I wholeheartedly recommend that you guys check out 'The Weather Underground' before it leaves the Film Forum on the 22nd. It is a good time, edifying in its historical way and entirely applicable to our discussions of revolution and its nature. It provides a limited but valuable insight into the fracture of the New Left in the 60s and captures a daunting impression of the hope and opportunity for decisive change that drove these kids out of their minds as they attempted to enact a revolution from within the United States in an era of remarkable global turmoil.
They thought they could do it all, would do whatever it takes. The limitations of the documentary betray a failure to explore the infrastructure of either the SDS or the Weathermen (how they did what they did, their organizational framework, etc), and it seems the film could go farther and deeper into the forces involved, but the film is remarkable for the window-like view it affords us of late-60s America on the brink of social and cultural chaos, and its deficiencies testify to the primacy of the material.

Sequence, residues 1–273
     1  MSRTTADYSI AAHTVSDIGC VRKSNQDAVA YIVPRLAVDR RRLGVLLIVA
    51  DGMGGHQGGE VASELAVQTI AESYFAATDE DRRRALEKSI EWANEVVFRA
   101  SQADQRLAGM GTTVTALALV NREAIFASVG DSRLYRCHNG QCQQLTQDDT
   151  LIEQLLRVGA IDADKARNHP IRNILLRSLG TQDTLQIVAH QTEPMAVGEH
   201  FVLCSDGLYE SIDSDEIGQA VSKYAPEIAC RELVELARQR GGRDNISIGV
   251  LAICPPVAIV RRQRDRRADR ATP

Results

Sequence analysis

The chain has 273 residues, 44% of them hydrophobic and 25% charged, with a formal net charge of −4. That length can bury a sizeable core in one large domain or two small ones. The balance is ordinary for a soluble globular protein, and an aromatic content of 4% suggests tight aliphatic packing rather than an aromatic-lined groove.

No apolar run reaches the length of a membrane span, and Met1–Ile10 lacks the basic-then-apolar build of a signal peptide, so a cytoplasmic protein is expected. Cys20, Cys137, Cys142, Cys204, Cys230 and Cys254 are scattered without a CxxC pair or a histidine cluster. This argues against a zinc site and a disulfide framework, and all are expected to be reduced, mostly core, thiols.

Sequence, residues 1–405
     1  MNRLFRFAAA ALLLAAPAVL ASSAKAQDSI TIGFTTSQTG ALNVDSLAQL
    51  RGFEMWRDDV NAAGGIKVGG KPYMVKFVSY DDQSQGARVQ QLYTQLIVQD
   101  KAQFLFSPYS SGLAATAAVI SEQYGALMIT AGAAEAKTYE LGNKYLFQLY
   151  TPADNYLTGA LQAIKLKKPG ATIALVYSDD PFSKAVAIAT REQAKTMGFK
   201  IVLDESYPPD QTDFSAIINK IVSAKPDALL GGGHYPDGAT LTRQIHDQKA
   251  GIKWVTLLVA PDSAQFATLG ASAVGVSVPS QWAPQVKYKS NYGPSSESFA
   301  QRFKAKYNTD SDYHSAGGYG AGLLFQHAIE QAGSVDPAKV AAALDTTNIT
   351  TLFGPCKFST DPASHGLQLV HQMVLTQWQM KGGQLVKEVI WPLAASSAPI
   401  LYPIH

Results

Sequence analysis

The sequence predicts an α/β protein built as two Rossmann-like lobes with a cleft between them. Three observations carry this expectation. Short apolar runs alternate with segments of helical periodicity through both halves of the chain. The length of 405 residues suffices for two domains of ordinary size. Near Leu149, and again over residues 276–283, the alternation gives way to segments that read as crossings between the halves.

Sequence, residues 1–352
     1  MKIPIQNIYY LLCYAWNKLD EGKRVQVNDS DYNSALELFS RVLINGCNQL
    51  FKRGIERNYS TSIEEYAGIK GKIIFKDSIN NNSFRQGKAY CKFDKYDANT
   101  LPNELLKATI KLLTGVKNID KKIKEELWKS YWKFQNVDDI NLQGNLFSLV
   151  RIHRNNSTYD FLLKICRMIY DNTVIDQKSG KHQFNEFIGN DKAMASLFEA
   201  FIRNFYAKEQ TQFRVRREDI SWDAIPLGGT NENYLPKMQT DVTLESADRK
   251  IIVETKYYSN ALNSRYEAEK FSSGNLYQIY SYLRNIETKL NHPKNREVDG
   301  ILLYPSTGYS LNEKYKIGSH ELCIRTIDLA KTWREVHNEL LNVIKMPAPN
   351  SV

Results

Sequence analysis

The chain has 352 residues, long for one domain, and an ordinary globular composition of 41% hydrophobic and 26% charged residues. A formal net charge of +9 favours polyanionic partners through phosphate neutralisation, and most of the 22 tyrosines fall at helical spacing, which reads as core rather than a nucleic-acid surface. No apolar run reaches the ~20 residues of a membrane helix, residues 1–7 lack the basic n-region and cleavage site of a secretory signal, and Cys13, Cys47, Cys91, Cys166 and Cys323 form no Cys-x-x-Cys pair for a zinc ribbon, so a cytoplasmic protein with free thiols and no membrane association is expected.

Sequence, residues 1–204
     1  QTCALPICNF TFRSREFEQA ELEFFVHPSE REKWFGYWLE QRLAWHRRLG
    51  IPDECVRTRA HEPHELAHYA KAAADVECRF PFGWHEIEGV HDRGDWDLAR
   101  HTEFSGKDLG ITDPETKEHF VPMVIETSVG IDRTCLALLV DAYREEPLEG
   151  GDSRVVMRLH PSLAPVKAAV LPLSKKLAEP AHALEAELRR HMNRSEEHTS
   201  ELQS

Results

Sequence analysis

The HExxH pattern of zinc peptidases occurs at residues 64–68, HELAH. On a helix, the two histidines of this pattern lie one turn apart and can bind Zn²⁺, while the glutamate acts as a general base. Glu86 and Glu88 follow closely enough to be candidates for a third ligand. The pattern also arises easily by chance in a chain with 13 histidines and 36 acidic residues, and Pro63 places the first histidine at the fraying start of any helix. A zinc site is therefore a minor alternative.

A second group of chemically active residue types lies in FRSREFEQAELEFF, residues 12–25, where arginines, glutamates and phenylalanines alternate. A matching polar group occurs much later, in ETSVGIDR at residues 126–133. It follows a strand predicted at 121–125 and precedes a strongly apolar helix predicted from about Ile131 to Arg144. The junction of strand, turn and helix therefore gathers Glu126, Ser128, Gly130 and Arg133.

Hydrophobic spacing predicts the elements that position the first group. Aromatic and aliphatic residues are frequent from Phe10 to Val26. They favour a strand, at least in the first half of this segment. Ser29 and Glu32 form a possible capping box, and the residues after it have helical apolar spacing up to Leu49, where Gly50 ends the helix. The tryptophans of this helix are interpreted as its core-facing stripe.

It's a shame we couldn't see it at the same time but i do look forward to discussing it and other things with you guys sometime soon. Indeed, it could provide our discourse an appreciably visible, primal, historical element, as all the entities our posts and sallies conjure (revolution, the Third World, capitalism, oppression, etc) figure into the story. But again, it is merely the tip of the iceberg. Check it out.